On 6 September 1781, the slave ship Zong departed the coast of Africa with 470 slaves. Since this human cargo was a very valuable commodity at that time, many captains took on more slaves than their ships could accommodate in order to increase their profits. The Zong was overloaded with slaves by the captain, Luke Collingwood.
Two weeks later by 29 November many of the slaves had begun to die from disease and malnutrition. The ship then sailed in an area in the mid-Atlantic known as “the Doldrums” because of periods of little or no wind. As the ship got stranded, seven of the 17 crew members and over 50 slaves died from sickness.
As he became more desperate, Collingwood decided to “jettison” some of the cargo in order to save the ship and provide the shipowners with the opportunity to claim for the loss on their insurance. Over the next week, 132 sick and dying slaves were thrown overboard by the remaining crew members while another 10 slaves threw themselves overboard in what Collingwood later described as an “Act of Defiance.”
When the ship arrived in Jamaica, James Gregson, the owner of the ship, filed an insurance claim for their loss arguing that the Zong did not have enough water to sustain both crew and the human commodities. Thomas Gilbert, the insurance underwriter disputed the claim citing the fact that the Zong had 420 gallons of water aboard when she was inventoried in Jamaica. However, the Jamaican court in 1782 ruled in favour of the owners.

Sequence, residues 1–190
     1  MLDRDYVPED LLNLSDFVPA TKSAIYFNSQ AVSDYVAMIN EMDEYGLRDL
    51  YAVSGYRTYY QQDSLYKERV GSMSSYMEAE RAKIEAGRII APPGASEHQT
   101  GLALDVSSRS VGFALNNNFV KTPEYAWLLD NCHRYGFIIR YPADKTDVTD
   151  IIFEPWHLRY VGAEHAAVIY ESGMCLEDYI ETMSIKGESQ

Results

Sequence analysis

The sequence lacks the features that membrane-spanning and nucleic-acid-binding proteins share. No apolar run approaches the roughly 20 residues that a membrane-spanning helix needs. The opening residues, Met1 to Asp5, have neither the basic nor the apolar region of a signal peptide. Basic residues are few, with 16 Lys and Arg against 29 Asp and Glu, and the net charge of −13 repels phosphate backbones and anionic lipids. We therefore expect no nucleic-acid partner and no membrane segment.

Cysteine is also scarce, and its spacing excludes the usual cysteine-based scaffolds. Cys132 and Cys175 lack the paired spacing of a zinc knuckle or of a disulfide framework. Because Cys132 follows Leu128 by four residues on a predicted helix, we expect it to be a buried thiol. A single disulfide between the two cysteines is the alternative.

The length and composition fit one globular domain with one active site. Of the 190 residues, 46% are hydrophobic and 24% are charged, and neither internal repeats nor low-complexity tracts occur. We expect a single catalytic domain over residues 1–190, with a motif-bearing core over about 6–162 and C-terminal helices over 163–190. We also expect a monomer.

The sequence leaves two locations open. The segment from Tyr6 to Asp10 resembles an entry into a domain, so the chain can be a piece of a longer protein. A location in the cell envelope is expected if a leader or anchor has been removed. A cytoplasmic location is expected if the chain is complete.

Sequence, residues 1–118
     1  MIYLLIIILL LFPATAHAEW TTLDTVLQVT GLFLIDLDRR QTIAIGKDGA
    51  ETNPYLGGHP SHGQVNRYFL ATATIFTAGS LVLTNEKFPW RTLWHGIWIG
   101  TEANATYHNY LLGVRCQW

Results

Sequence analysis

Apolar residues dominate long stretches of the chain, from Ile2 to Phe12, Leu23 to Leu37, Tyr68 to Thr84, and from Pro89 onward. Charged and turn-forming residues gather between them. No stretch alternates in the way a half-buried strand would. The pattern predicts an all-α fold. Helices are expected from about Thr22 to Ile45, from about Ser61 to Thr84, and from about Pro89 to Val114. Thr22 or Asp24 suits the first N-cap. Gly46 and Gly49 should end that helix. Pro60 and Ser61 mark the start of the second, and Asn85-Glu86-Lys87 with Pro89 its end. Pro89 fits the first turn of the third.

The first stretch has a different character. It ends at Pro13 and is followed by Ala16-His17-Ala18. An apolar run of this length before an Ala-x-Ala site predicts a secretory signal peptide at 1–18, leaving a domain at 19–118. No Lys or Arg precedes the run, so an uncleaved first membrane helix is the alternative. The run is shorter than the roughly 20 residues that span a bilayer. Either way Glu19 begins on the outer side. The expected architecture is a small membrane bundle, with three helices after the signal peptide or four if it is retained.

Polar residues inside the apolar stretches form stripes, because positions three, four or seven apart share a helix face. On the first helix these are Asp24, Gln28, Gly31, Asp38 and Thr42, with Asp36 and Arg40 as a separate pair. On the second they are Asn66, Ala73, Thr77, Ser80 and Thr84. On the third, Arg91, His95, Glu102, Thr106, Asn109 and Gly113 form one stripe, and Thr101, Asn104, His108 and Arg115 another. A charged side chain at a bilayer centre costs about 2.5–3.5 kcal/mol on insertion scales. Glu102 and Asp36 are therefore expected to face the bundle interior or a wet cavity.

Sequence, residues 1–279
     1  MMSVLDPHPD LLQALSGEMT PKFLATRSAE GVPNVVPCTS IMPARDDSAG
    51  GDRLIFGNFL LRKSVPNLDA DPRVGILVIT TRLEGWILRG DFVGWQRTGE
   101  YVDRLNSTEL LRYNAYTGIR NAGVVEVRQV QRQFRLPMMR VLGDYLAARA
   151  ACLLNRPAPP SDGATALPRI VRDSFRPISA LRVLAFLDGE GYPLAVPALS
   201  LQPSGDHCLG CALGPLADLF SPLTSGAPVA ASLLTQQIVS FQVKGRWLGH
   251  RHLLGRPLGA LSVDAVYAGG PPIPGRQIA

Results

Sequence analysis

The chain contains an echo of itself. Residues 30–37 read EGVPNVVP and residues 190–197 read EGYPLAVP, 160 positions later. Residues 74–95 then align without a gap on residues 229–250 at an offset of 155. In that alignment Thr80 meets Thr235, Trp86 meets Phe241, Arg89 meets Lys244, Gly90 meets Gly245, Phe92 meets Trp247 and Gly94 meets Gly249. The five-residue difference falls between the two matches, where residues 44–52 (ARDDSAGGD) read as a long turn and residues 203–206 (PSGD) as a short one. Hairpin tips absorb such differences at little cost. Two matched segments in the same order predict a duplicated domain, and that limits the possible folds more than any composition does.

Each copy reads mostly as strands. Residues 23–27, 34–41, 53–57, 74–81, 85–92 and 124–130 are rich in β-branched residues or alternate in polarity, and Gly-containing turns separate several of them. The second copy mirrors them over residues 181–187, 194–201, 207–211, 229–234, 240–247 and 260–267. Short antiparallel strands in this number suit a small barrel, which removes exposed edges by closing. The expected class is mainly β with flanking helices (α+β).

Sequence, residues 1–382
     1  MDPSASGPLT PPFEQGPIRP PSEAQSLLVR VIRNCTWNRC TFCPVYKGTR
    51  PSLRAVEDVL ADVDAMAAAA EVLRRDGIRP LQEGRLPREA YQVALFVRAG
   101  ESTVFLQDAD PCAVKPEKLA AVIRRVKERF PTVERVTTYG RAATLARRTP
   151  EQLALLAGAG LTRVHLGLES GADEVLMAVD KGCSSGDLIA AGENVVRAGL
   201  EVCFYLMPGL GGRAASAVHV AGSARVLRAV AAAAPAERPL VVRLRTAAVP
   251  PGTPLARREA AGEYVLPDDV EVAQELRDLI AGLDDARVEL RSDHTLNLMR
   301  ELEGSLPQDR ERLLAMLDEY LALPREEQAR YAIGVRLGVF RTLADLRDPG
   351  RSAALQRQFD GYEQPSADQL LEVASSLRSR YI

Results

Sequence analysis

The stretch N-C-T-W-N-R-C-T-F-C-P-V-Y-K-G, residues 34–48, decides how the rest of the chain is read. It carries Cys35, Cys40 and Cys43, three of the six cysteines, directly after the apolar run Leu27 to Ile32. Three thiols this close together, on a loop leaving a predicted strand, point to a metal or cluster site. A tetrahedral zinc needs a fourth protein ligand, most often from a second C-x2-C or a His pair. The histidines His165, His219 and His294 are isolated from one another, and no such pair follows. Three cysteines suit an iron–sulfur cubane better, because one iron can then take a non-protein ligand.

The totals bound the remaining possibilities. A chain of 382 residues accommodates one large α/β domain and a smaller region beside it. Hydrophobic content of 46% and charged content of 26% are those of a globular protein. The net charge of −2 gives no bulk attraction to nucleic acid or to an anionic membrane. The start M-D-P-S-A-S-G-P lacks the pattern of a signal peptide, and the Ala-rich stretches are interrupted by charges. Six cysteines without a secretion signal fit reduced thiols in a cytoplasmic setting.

The case was appealed by the insurers in 1783 and in the process provoked a great deal of public interest and the attention of Great Britain‘s abolitionists. Granville Sharp, who was the leading abolitionist at the time, used the deaths of the slaves to increase public awareness about the slave trade and drum up support for the anti-slavery cause. He was the first person to use the word, ‘massacre.’
The publicity surrounding the Zong Massacre was enormous and as a result, William Murray, the Earl of Mansfield and the Lord Chief Justice of the King’s Bench, the highest court in Great Britain ordered a second trial. He was the presiding judge and ruled in favour of the insurers. He also stated that the cargo had been poorly managed as the captain should have provided a suitable allowance of water for each slave.
Abolitionist Sharp tried to have criminal charges brought against the Captain, crew, and the owners but was unsuccessful. The Solicitor General of Great Britain, Justice John Lee, declined to take up the criminal charges claiming “What is this claim that human people have been thrown overboard? This is a case of chattels or goods. Blacks are goods and property; it is madness to accuse these well-serving honourable men of murder…The case is the same as if wood had been thrown overboard.”
That profile of abolitionists such as Oluaudah Equiano and Granville Sharp increased although those who were responsible for the Zong massacre were never brought to justice, also new converts including Thomas Clarkson and Reverend John Ramsay join the anti-slavery campaign. They were a source of inspiration for William Wilberforce who led a successful campaign to have the British Parliament abolish slavery throughout the British Empire in 1833.
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